Wednesday, June 11, 2014

The 'Fargo" Series Hitting What Hollywood is Often Missing

Many movie critics will lament the passing of subversive, challenging, and complicated cinema that was prevalent in the 1970s. I don't think things are as bad as they got in the 1980s and early 1990s, but it is safe to say most mainstream pictures have a formula they like to follow. The cable TV landscape is now where the through-provoking dramas take place, and one of the very best is FX's Fargo. I look at what Hollywood can learn from the series in my latest Collective Publishing pop culture column.

Monday, June 09, 2014

Breakdown of 'Edge of Tomorrow' and 'The Fault in Our Stars' Podcast: Some Things are Worth Dying For Over and Over Again

Scott and I review five pictures this week that include news releases in Tom Cruise's latest sci-fi actioner, Edge of Tomorrow and Shailene Woodley's teenage romance, The Fault in Our Stars. We have lots of pictures to recommend this week and maybe will even introduce you to some intriguing pictures you've never heard about.

Breakdown Outline:

00:47  Edge of Tomorrow review
18:43  The Fault in Our Stars review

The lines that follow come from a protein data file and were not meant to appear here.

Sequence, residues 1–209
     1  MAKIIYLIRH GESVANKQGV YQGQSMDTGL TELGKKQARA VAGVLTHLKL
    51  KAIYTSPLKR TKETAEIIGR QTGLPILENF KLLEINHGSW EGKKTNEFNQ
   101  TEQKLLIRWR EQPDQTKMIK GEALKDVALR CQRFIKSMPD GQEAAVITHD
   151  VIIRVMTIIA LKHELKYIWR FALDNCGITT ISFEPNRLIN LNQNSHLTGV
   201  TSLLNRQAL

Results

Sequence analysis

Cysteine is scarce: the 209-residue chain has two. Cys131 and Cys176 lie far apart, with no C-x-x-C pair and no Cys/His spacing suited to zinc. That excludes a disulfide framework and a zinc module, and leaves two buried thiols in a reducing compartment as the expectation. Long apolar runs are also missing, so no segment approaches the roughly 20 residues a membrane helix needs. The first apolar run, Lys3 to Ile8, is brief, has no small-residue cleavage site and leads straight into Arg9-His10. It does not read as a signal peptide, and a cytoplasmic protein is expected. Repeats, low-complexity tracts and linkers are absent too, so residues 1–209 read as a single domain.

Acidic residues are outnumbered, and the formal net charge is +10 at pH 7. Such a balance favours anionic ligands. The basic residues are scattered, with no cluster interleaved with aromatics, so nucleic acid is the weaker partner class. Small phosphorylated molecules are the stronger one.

30:55  God Loves Uganda review
44:12  The Grand Seduction review
52:32  84 Charlie MoPic review
1:02:42 Rundown of Reviews

Saturday, June 07, 2014

6 Years. . .

It was six years ago on this date and this day of the week where I said the words "I Do." Without a doubt, the two most important words of life that have led to my biggest moments. But the reality is that any schmuck can blurt out those two words and agree to committing their life to someone, because as a human race, we're not always the best at thinking through the consequences. I think as the years go by and the wedding date become more distant, one tends to start elevating that day a bit more and putting more weight into it, because while it is the very important start to the most important relationship, its only value is essentially nostalgia and possible fondly remembering when one was thinner (and had more hair).

"I Do" are just words. Words that are your declaration to those in attendance that you are committing your life to the person you were staring at that moment (unless out of nervousness you were staring at your shoe or your great aunt Hilda). It is the work you do after that really matters. It is the daily reaffirmation that those two words actually had some meaning and not just something one said because it felt like the right thing.